When Justice Harry A. Blackmun authored the decision legalizing abortion in Roe v. Wade, he wrote that “[t]he right of personal privacy includes the abortion decision, but this right is not unqualified and must be considered against important state interests in regulation.” Although this was a win for those seeking to both legalize abortion and prevent harm inflicted on people seeking illegal and unsafe abortions, it also opened the door to restrictions on abortion.
That door was pushed open further with the ruling in Planned Parenthood v. Casey, which allowed states to regulate abortion provided they didn’t create an “undue burden” to patients seeking care. State politicians across the country have marched right through that door. The Guttmacher Institute reports that one-quarter of the more than one thousand state abortion restrictions were passed between 2011 and 2015 — mostly in conservative states.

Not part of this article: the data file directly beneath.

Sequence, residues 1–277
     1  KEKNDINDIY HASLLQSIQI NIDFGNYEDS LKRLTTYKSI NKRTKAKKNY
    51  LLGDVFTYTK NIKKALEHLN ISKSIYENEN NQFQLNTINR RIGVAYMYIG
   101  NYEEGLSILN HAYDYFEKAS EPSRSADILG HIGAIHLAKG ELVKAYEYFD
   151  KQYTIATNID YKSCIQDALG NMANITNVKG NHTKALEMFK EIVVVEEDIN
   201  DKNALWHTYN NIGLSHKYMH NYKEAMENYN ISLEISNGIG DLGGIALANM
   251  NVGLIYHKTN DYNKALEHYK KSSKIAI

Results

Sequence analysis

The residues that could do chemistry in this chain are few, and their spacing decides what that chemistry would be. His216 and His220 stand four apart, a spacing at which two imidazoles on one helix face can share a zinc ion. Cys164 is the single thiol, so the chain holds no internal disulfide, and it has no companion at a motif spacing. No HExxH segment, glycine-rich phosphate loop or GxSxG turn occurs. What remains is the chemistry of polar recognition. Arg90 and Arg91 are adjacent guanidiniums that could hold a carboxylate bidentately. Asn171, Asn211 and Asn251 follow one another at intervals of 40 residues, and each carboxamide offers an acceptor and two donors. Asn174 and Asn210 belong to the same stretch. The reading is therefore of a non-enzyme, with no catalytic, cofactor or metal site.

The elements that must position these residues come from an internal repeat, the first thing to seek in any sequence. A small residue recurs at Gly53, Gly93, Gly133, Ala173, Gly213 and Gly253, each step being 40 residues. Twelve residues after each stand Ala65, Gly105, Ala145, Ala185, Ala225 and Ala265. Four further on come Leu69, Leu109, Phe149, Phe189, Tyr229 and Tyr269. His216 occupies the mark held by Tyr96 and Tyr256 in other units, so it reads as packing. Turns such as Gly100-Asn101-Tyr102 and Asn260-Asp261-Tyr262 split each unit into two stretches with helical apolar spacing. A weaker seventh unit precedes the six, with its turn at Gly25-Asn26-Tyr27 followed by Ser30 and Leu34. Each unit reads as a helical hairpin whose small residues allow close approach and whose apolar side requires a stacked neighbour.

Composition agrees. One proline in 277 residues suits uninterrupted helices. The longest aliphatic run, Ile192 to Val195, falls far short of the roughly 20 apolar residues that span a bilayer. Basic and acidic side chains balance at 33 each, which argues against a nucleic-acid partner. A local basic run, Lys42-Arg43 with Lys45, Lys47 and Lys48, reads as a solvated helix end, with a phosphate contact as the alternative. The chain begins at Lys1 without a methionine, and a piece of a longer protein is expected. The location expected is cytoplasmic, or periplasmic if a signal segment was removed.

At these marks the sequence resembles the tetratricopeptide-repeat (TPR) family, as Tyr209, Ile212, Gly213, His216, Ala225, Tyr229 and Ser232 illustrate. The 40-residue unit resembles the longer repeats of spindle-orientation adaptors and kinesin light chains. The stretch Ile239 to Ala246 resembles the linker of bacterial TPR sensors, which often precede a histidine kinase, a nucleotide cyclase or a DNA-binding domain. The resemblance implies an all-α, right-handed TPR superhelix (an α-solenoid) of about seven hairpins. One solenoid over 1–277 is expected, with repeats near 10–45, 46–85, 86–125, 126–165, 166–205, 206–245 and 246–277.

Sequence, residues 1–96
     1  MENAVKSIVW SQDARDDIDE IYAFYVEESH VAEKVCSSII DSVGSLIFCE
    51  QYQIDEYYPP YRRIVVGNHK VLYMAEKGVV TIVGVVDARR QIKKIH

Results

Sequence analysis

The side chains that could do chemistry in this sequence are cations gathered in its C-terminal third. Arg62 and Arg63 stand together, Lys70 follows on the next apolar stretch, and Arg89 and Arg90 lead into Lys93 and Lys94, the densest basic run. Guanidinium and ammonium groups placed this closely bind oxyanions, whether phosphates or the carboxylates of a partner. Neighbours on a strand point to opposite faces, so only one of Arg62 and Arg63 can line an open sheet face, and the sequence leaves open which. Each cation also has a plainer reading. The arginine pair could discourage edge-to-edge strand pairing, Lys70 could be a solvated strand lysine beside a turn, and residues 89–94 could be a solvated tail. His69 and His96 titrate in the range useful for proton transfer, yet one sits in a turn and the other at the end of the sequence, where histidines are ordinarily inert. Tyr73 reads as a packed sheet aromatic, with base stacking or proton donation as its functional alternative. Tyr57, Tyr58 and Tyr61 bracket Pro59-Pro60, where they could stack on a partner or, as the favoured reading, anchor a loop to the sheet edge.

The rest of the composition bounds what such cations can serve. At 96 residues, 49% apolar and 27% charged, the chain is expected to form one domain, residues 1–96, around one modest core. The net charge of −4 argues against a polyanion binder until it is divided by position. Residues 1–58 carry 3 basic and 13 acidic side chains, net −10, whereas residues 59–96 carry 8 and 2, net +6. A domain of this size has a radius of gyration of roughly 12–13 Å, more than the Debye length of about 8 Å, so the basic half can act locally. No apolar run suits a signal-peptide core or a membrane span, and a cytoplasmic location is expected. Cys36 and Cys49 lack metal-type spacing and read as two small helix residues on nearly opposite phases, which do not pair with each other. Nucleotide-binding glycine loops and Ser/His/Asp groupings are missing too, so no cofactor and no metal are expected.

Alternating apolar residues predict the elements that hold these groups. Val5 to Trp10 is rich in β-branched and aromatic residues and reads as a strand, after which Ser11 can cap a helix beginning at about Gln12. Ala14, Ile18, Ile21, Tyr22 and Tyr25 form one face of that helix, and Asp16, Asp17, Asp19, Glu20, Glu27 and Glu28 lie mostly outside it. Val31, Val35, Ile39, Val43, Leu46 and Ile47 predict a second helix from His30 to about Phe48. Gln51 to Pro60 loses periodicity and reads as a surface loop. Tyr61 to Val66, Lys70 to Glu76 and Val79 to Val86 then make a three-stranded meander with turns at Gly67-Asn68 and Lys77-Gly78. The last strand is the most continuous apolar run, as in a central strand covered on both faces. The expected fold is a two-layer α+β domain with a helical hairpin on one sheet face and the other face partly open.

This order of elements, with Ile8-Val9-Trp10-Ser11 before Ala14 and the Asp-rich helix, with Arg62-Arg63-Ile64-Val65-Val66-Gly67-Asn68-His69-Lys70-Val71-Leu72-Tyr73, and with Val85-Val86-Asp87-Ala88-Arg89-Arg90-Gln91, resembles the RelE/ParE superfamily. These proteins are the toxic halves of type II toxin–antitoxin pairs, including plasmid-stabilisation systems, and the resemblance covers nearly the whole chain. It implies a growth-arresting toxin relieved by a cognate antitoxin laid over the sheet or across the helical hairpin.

And it’s working. In 2011, almost 90 percent of counties did not have an abortion provider, and since then that number has increased. Five states (Mississippi, Missouri, North Dakota, South Dakota, and Wyoming) have only one abortion clinic in the entire state, while others like Alabama, Georgia, Louisiana, Ohio, and Texas have only a handful of clinics left; a drastic shift from just a few years ago.
The closures are particularly concentrated in the South where more than half of Black Americans reside. Despite anti-choice activists repeating the myth that most abortion clinics are set up in predominantly Black communities, fewer than one in ten are actually in communities with a majority of people of color.
With this tidal wave of anti-choice laws quickly washing away the rights Roe v. Wade gave to all women, it’s clear that not all communities are impacted the same. In the United States, race and class are major factors in who can access abortion care, contraception, and maternal healthcare. However, mainstream discourse too often separates race and class…